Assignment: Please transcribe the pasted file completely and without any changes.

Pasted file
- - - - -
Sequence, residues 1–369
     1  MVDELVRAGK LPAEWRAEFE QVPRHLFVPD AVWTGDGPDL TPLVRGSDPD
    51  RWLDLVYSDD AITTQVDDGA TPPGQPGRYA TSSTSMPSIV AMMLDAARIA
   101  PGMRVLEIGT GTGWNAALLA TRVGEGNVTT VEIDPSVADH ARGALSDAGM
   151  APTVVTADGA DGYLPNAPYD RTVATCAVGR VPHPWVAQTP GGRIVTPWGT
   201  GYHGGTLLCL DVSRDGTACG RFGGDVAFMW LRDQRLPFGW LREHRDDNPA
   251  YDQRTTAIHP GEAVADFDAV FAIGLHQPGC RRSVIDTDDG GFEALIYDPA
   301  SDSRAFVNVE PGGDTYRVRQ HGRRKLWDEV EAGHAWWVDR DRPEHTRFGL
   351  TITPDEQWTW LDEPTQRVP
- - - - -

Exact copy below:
Sequence, residues 1–369
     1  MVDELVRAGK LPAEWRAEFE QVPRHLFVPD AVWTGDGPDL TPLVRGSDPD
    51  RWLDLVYSDD AITTQVDDGA TPPGQPGRYA TSSTSMPSIV AMMLDAARIA
   101  PGMRVLEIGT GTGWNAALLA TRVGEGNVTT VEIDPSVADH ARGALSDAGM
   151  APTVVTADGA DGYLPNAPYD RTVATCAVGR VPHPWVAQTP GGRIVTPWGT
   201  GYHGGTLLCL DVSRDGTACG RFGGDVAFMW LRDQRLPFGW LREHRDDNPA
   251  YDQRTTAIHP GEAVADFDAV FAIGLHQPGC RRSVIDTDDG GFEALIYDPA
   301  SDSRAFVNVE PGGDTYRVRQ HGRRKLWDEV EAGHAWWVDR DRPEHTRFGL
   351  TITPDEQWTW LDEPTQRVP